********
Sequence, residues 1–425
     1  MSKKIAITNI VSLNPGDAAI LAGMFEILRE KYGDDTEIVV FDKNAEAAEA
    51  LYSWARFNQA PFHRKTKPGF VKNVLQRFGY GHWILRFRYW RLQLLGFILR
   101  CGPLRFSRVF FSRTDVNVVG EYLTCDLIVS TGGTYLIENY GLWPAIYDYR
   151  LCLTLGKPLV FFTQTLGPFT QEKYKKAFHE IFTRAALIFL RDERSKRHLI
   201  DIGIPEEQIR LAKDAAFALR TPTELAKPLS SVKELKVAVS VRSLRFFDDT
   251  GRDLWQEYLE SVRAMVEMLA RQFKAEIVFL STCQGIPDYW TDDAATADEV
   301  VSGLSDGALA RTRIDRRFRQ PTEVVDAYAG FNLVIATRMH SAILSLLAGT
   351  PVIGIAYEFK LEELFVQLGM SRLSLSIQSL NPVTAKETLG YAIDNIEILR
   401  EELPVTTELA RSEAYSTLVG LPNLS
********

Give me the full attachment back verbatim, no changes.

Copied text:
Sequence, residues 1–425
     1  MSKKIAITNI VSLNPGDAAI LAGMFEILRE KYGDDTEIVV FDKNAEAAEA
    51  LYSWARFNQA PFHRKTKPGF VKNVLQRFGY GHWILRFRYW RLQLLGFILR
   101  CGPLRFSRVF FSRTDVNVVG EYLTCDLIVS TGGTYLIENY GLWPAIYDYR
   151  LCLTLGKPLV FFTQTLGPFT QEKYKKAFHE IFTRAALIFL RDERSKRHLI
   201  DIGIPEEQIR LAKDAAFALR TPTELAKPLS SVKELKVAVS VRSLRFFDDT
   251  GRDLWQEYLE SVRAMVEMLA RQFKAEIVFL STCQGIPDYW TDDAATADEV
   301  VSGLSDGALA RTRIDRRFRQ PTEVVDAYAG FNLVIATRMH SAILSLLAGT
   351  PVIGIAYEFK LEELFVQLGM SRLSLSIQSL NPVTAKETLG YAIDNIEILR
   401  EELPVTTELA RSEAYSTLVG LPNLS